Often, even people who want bankruptcy worry that if they present the bankruptcy court, they will demand both personal property and the house they live in. There is nothing wrong with the truth. These false beliefs make honest people to avoid bankruptcy and continue to live their lives with debts. The situation is that the Federal Bankruptcy Code allows you to keep many of your assets, including your home, using bankruptcy exceptions.
Exceptions are the provisions contained in federal and state bankruptcy laws. They point out that certain types of bankruptcy will be forced out of the bankruptcy process. Each state is allowed to choose what is and is not a means of relief. Deciding what to call you, first you need to find out what your case is about the state law. This may not necessarily mean that you are currently living in a State if you have recently moved. The federal law contains a provision for the definition of immunity for bankruptcy purposes. The court looks at the place where you lived the previous 180 days from your submission and enjoys the rules of the country where you lived the majority of the time. To describe your work on July 1. On February 2 of the same year you moved to Arkansas from Arkansas. You must stay in Oklahoma City for a maximum of 180 days. Consequently, Oklahoma City's bankruptcy rules apply to your business. But do you think that you were taken to May 12? In this case, only the state of Arkansas will be applicable. Should you apply the Law of the State, you must determine if you are restricted by the rules of bankruptcy of those countries or alternatively if you also have the right to use the Federal Rules. Some states, like Arkansas, allow debtors to choose between state rules and federal rules that may be beneficial depending on what kind of property you want to get rid of. Some countries, including Oklahoma, require only state regulations.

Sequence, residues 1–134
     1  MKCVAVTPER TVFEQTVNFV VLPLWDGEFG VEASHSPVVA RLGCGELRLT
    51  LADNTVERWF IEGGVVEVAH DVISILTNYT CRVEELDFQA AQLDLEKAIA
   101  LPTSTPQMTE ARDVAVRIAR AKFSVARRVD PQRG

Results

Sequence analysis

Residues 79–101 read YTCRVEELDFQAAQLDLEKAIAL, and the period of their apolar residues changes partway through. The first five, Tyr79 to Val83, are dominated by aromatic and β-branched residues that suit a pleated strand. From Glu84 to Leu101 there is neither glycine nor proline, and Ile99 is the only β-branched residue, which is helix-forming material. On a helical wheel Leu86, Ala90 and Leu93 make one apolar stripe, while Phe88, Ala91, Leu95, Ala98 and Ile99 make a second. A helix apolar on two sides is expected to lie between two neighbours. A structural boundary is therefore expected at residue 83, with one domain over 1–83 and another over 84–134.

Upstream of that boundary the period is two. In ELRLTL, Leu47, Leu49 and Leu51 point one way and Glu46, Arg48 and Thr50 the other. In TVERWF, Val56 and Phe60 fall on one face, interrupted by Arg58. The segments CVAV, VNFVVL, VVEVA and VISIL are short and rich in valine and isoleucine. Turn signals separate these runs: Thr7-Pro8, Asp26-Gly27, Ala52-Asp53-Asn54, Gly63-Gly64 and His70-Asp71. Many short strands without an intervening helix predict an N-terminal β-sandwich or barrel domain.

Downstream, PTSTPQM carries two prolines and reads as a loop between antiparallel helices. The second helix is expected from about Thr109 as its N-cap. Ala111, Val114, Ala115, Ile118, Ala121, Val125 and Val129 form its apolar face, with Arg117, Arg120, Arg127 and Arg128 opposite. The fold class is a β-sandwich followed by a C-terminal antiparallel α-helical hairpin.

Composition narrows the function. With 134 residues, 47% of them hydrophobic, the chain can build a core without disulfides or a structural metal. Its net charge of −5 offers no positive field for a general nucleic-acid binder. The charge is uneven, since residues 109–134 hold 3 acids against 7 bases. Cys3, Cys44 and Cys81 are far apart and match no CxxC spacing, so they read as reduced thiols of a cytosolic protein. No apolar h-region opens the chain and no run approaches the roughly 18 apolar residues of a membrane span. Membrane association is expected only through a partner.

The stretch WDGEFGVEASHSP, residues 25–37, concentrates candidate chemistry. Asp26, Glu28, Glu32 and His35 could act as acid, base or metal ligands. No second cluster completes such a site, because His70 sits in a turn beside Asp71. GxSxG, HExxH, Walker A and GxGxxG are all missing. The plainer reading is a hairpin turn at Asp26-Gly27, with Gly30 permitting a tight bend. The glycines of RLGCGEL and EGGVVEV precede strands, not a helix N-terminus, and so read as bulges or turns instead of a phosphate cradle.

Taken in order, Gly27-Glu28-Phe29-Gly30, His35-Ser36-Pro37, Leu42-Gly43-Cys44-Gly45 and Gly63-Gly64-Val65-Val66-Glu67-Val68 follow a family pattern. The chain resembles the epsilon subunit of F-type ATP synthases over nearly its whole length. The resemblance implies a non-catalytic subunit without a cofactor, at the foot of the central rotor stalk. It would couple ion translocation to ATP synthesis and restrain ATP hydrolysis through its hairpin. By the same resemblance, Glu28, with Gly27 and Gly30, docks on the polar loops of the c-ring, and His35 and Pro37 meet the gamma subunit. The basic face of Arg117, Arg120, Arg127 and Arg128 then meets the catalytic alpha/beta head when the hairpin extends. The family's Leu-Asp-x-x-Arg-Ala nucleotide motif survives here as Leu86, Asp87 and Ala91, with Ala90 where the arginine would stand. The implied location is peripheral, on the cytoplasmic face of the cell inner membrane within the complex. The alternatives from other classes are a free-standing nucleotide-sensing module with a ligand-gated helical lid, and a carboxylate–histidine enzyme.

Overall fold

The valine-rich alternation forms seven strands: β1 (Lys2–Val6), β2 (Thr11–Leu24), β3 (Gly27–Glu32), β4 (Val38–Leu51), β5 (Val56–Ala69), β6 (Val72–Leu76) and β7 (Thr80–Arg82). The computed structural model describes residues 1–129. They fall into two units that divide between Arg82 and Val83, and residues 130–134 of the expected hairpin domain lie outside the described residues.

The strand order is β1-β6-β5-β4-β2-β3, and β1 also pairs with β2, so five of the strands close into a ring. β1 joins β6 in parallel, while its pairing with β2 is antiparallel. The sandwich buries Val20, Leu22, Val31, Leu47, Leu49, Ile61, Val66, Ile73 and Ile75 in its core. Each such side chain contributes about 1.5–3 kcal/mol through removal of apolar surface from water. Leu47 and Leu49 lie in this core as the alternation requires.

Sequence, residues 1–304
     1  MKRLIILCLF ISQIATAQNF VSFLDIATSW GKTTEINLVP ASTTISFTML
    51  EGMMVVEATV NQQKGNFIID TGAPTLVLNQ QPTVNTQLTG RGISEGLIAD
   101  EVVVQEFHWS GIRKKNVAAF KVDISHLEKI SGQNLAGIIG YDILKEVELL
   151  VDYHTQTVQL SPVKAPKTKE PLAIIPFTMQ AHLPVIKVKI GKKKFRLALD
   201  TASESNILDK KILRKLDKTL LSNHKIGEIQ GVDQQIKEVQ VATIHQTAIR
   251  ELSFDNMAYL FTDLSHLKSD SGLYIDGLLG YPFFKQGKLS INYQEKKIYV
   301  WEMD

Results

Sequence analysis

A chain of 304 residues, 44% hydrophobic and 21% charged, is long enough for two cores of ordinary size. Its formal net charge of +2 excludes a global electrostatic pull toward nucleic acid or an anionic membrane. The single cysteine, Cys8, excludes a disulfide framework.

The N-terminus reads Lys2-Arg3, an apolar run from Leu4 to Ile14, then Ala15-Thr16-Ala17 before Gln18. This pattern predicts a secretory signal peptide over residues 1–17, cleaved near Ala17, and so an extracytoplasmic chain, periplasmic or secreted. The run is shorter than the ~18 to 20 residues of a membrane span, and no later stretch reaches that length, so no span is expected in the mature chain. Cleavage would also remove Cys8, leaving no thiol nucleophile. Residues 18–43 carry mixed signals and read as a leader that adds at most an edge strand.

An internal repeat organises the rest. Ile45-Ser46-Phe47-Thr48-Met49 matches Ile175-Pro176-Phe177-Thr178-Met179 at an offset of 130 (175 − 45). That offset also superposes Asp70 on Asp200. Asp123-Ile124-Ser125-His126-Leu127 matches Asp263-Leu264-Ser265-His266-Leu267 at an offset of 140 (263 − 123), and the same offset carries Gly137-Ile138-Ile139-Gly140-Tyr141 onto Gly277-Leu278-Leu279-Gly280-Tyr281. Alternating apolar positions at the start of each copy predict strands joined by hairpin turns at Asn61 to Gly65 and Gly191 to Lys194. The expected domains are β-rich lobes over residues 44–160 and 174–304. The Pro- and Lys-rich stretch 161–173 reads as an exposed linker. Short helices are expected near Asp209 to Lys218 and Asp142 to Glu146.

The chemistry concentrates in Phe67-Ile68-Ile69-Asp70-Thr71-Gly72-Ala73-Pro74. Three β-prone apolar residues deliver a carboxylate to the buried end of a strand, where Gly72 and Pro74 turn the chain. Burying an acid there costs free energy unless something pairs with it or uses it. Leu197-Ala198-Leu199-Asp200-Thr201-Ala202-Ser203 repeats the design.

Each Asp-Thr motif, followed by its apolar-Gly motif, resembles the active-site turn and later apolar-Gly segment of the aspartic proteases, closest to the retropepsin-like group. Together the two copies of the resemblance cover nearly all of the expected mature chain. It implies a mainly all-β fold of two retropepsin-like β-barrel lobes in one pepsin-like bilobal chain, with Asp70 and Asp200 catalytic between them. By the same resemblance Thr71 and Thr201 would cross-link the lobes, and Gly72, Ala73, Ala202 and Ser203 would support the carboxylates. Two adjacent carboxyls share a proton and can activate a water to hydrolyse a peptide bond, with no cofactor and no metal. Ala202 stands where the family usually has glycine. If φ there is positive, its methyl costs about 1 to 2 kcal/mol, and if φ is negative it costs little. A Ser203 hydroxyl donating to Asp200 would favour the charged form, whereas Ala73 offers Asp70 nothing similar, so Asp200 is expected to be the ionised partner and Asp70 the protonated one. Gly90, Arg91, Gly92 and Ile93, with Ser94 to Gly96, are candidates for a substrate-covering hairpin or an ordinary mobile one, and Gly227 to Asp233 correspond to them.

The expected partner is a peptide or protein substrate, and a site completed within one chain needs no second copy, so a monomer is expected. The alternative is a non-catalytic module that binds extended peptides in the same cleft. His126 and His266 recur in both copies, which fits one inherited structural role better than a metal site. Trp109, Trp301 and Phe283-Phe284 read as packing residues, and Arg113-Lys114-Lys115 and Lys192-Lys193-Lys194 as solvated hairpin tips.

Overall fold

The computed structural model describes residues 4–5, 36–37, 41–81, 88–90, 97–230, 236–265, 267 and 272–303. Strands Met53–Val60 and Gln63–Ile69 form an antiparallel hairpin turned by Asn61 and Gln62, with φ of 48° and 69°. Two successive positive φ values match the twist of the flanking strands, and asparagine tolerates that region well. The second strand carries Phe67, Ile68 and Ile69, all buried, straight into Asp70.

When you decide which rules apply to your business, you can find out which property is exempt from these rules. Oklahoma has a broad set of rules that cover common types of property. Some of the most common exceptions used in the bankruptcy of Oklahoma include:
1. Homestead: the debtor has the right to maintain its main flat, irrespective of the fact that it is built on the land plot, the debtor or the house being constructed.
2. Vehicle; A debtor (or a debtor, in case of joint bankruptcy) has the right to redeem his / her interests up to $ 7500 in a car. This is the carrier's debtor, so no matter what the value of the car is less than debt debt.
3. Household goods and furniture. Personal presentation can save household appliances, including but not limited to: kitchen utensils, small personal computer, bed, TV set, etc.
Guns. The debtor has the right to keep up to $ 2,000 worth of weapons, which are mainly used for personal, family or home protection or sports. Without the investment or non-personal, domestic or domestic use of rifles are not included.
5. Clothes: the clothes of the debtor and the family of the debtor are individually exempted.
6. Tools and Equipment. The debtor can store agricultural tools or trade or profession (for example, carpenter tools or mechanics tools) for up to $ 10,000.
7. Income, your wage is yours, free credit claims. A Calculation or Savings Account, which you pay for your billing account, is yours. Likewise, income tax credits are considered exempted assets.
8. Jewelry. Your wedding rings and lower cost suit jewelry, which exceed the value of $ 3000.
9. Pension savings: IRA or 401 (k) or other retirement savings deposits.
Oklahoma, some other types of property, which are also included in the above-mentioned common borders. Moreover, your state may have different rules from Oklahoma. For more information, consult your bankruptcy lawyer in your country.